• There seem to be an awful lot of minority wizards in Harry's fourth year at Hogwarts. I think the producers edited out many scenes in the third movie of the minority Muggles protesting on the street corners about how unfair it was that they did not get to do any magic. Their efforts paid off, because there are more indigenous wizards than ever in every scene of Potter 4. Hogwarts: An Equal Opportunity Magic School.

  • Damn this movie is long. It's time to put a Totino's in the oven.

  • What the heck was up with the entrance of the French chicks? I can't decide if it was horribly campy or fiercely inspired. Plus I thought Fleur was supposed to be enchantingly seductive, and not just pretty.

  • John Williams needs to have a life-altering experience. Every time I heard trumpets, it sounded like the credits for Star Wars was about to roll. Plus, every single wave of the hand or flick of the wrist on screen does not need to have an orchestral gesture to highlight it. Sometimes people just do stuff!

  • I liked the original Dumbledore so much better -- this one seems to get all his authority from having a loud baritone voice (see Sauron) rather than just having a commanding presence (see Gandalf). Also, Dumbledore's office in the movie was much colder and impersonal than I pictured it from the books.

  • Since when do dragons CLIMB on buildings? Flap your wings and burn Harry Potter to a crisp, you dumbass.

  • There is a scene where the students are at a formal ball waltzing, and then suddenly they cut away to a wizard frat rock band playing music sounding suspiciously like Hoobastank. I initially groaned, and then ended up thinking it was kind of cool.

  • Is this movie still running? The box says 2:37? There is absolutely no reason for a movie to be longer than two hours unless it's a serious drama of Oscar-proportions. If the story doesn't lend itself to the shorter frame of a movie, either rewrite the story, split it into parts, or realize, "Hey, maybe this shouldn't be a movie!".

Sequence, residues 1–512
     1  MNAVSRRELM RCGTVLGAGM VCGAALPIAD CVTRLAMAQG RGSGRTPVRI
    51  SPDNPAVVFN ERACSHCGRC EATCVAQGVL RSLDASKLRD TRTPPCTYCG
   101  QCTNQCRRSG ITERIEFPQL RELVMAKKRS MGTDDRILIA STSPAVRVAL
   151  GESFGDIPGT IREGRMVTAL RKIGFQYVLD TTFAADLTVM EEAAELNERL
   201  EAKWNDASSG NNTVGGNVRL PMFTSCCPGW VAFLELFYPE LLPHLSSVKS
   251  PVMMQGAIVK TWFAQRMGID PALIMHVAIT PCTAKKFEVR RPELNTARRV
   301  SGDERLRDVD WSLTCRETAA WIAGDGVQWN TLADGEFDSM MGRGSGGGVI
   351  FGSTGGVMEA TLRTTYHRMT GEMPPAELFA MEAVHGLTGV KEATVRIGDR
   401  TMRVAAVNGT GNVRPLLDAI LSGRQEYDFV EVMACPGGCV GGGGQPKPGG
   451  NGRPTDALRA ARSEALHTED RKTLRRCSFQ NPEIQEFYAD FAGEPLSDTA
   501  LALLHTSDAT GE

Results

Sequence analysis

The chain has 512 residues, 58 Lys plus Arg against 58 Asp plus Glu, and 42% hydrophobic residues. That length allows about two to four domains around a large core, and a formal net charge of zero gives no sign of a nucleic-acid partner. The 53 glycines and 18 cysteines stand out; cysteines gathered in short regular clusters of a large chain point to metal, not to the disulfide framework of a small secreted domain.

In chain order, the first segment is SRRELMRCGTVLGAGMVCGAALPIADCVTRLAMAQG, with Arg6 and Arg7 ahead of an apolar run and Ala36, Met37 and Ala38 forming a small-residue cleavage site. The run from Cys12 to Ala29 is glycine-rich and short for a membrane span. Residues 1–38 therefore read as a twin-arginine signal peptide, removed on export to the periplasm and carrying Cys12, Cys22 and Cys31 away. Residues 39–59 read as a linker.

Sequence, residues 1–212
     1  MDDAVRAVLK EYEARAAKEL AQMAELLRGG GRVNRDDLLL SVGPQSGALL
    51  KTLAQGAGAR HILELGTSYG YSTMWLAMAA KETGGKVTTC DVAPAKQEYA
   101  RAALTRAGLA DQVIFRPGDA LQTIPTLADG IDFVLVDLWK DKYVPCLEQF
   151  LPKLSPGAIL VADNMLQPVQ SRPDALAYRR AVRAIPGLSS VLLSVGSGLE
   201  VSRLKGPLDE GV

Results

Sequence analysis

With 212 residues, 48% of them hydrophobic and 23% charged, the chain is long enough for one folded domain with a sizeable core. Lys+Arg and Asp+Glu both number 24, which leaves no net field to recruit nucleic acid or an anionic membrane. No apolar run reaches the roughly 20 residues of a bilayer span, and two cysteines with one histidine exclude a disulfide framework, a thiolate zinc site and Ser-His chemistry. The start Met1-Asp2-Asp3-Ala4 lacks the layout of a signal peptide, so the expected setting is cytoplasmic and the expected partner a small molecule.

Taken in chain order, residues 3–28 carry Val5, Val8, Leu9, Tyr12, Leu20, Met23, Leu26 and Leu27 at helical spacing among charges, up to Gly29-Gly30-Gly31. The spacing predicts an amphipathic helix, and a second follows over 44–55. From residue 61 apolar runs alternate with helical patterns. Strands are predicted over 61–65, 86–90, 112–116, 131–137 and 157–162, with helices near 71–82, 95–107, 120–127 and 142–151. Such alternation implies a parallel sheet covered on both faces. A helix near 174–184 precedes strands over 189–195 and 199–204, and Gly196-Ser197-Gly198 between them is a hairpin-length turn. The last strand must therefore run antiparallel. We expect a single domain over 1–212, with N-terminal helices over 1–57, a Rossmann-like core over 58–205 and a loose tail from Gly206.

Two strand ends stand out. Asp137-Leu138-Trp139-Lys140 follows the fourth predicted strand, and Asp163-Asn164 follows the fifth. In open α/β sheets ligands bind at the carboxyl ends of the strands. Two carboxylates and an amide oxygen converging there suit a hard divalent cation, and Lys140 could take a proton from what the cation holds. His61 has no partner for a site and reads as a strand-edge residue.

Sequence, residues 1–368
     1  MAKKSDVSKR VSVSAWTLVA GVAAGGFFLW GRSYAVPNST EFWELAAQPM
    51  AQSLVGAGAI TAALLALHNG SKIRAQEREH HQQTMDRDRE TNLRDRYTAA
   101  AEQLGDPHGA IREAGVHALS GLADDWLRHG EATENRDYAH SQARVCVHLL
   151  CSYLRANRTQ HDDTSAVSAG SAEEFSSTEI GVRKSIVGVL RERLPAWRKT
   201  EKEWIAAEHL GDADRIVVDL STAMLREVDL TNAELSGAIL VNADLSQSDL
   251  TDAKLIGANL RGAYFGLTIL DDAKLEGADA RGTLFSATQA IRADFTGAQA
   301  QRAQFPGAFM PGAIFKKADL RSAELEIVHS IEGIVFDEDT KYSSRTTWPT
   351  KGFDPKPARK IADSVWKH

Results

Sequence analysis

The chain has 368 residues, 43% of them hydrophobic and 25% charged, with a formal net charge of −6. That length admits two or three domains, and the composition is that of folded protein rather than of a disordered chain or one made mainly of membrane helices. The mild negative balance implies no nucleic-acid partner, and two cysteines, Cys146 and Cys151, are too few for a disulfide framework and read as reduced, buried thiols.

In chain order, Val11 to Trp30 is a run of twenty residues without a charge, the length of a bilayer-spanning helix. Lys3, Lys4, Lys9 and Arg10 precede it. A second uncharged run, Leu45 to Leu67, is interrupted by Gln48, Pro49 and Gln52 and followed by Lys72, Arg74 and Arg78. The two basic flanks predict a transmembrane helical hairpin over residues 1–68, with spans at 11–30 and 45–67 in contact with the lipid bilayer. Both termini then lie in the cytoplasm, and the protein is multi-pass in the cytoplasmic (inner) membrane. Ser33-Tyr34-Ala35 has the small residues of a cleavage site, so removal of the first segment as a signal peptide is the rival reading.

• I like this movie now but I'm so tired of sitting still. That Totino's pizza was good though. I wish this movie were more ADHD-friendly.

  • There were lots of characters that had screen time only because they were in the books (Rita Skeeter? What was the point?). Most of them could have been cut or relegated to the multiple crowd shots with student extras peering out windows or cheering. Were the Weasley twins girls or boys?

  • If you've never seen it, you should watch the SNL parody of Hermione's boobies: .

  • Overall, a pretty good movie if you're a book fan and can fill in all the story holes from memory, but not a lot to offer otherwise. I didn't like it much in the beginning but it grew on me as it went on. Not quite as good as the previous movie.

  • And on. And on. And on.
  • Happy Birthday Aaron Ulm and Jen Graves!

    New LOST tonight!

    Tax rebel sends threatened gnomes into hiding
    Chef gets a South Park send-off tonight
    Setting good habits from an early age

    tagged as reviews | permalink | 8 comments

    Thursday, March 23, 2006

    The Cost of Being BU

    Everyone hates bills, except for the kinds with Rights written on them (in which case they pretend to love them but really hate them anyhow). The problem with monthly or periodic bills besides the way they prevent you from buying that horse ranch in Utah is that they're spread out just enough so you don't realize how much you're being nickel-and-dime'd to death. You get in the habit of writing the account number on that check and grumbling, but never really stop to think about how much it's costing you and what you're getting out of it. Today, I'm going to break down the bills of a young American middle-class worker bee to provide an object lesson in the hemorrhaging of cash. Of course, I don't yet have to worry about such insanities as day care and poopy diapers, and I won't bother with groceries and leisure, but the outcome is eye-opening, regardless.

    Car Tax: $0.24 per day, $90 per year
    A tiny, yet palpable rip-off. Stop taxing my little Honda and just apply a massive yuppy tax to anyone who owns an SUV but does not have 8 children or a logging job in the Alaskan tundra.

    HOA Fees: $0.40 per day, $147 per year
    This is just enough money to keep the street lights on and the common areas mowed, but not so much that the HOA could actually get nosy and intrude in my personal affairs. I wholeheartedly approve. This is probably the cheapest HOA fee in the metropolitan area.